It has been fairly well established (I think) that I have had some serious boundary issues with my mother. Around Easter, I had a major lightbulb moment where I realized that by slowly and gently insisting on my boundaries, it has become much less of an issue.
My mother is still touchy, but it has become easier for me to be around her, as the guilt trips and manipulations are no longer much of an issue.
That said, I am about to face a situation and I need help figuring out how to be polite about it.
I am going to have lunch with her today. She wants to just make sandwiches at her house.
Here's the problem: Her house is gross. Her food is gross. There is usually mold on the cheese, the butter is contaminated with peanut butter (Mr K has an allergy), the milk is almost always expired, etc.
I grew up like this. We would simply cut the mold off the cheese and milk is good for a week or three past the expiry, right? (wrong, but I can't really tell her that now without it being a big "thing").
This is one of many, many, many reasons why I am not comfortable with her watching LK. But it extends beyond that. I am uncomfortable with LK eating food from my mother's house. Maybe I can handle the moldy cheese, but I don't want LK to eat it (mold spores go much deeper than the visible surface mold). And although we've established through controlled experiments that it's unlikely that LK is allergic to nuts, we're still limiting her exposure. And I have no idea how old those cold cuts are. And toddlers don't handle food poisoning well. And... you get the picture.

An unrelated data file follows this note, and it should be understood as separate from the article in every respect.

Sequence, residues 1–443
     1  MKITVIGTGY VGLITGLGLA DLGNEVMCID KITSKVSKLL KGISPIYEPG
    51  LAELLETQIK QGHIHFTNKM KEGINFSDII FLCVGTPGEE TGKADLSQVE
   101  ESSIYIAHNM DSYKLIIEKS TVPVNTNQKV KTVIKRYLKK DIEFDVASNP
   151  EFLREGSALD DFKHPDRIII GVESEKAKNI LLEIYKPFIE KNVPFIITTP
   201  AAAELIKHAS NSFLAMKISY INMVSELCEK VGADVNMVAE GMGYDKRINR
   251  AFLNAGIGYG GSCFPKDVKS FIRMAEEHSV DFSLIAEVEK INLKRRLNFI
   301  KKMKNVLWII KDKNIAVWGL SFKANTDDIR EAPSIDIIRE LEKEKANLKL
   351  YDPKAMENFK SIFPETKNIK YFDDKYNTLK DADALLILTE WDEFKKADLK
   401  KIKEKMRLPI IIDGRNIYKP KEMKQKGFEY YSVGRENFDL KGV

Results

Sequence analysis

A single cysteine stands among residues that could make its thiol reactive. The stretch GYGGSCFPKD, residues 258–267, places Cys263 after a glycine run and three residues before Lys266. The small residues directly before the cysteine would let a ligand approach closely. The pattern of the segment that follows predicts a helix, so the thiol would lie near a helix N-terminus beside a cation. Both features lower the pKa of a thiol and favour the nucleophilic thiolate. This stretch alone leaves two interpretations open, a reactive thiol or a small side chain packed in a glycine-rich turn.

So what's the best way to deal with this?
I have found that one of the best ways to deal with my mom is to control the get togethers (ie, I call her up and say "I've got the car today, let's have lunch) - she's happy that she gets time with us and I am able to make my excuses and duck out quickly when it becomes too much.
But I know if I say "I don't want your food" or give her reasons why, it will still cause offense and she will get upset and it will become an argument.